December Holiday DUI Enforcement Begins; Thanksgiving Gobbled 613 Impaired Drivers

The Heat Is On campaign begins

It was a busy Thanksgiving holiday on Colorado roads, as residents and tourists traveled to celebrations with friends and family. To increase safety for all drivers, the Colorado Department of Transportation (CDOT), the Colorado State Patrol (CSP) and statewide law enforcement agencies increased impaired driving enforcement as part of The Heat Is On campaign. From Nov. 17 to Nov. 27, officers arrested 613 drivers, an increase from the 522 drivers arrested during the same period last year.

According to preliminary data, 193 people have died in impaired driving crashes on Colorado roadways as of October 31 this year. That figure is up from 170 at the same time last year.

During the Thanksgiving weekend enforcement period, 120 agencies increased patrols.  The Colorado Springs Police Department (56 arrests), Denver Police Department (48 arrests) and Aurora Police Department (34 arrests) recorded the highest arrest totals. In addition, CSP recorded 124 total arrests.

Traffic fatalities involving impaired drivers have increased this year. Impaired drivers account for roughly one-third of all traffic fatalities in Colorado and DUI-prevention efforts are an effective tool to reduce such crashes. — Darrell Lingk, Director of the Office of Transportation Safety at CDOT

To coincide with holiday parties and related celebrations marked by increased alcohol consumption, another heightened DUI enforcement period began Friday, Dec. 1, and will run through Dec. 11. Last year, 102 agencies arrested 568 impaired drivers during the 10-day enforcement period, an average of 57 per day.  This year enforcement efforts will increase with 119 agencies participating in the crackdown.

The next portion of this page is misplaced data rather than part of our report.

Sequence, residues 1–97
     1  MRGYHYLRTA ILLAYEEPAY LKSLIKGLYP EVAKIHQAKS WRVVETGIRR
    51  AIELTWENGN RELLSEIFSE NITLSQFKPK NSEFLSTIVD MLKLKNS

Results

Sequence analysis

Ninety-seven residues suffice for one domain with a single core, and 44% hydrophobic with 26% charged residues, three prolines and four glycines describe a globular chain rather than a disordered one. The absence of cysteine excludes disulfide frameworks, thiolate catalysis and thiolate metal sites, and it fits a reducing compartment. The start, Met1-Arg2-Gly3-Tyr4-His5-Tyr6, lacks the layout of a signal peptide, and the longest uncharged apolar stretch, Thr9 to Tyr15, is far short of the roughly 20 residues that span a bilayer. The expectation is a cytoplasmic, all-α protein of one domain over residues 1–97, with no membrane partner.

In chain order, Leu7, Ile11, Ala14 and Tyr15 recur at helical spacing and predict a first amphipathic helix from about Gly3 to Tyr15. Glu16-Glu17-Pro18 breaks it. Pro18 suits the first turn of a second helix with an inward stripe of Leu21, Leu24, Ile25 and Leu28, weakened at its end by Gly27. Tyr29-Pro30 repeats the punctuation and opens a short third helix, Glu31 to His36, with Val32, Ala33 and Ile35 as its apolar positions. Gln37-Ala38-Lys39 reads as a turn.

Every impaired driver taken off the road is potentially a life saved. With more troopers on the road, we can be proactive and arrest dangerous drivers before they cause serious harm to themselves or others. — Col. Scott Hernandez, Chief of CSP

Beyond the serious safety risks associated with impaired driving, a DUI can cost a person more than $13,500 after considering fines, legal fees and increased insurance costs. Even if you’ve only had one drink, CDOT encourages Coloradans to designate a sober driver or plan to use alternative transportation.

The CDOT Highway Safety Office provides funding to Colorado law enforcement for impaired-driving enforcement, education and awareness campaigns. The Heat Is On campaign runs throughout the year, with 14 specific high-visibility impaired-driving-enforcement periods centered on national holidays and large public events. Enforcement periods can include sobriety checkpoints, saturation patrols and additional law enforcement on duty dedicated to impaired-driving enforcement.







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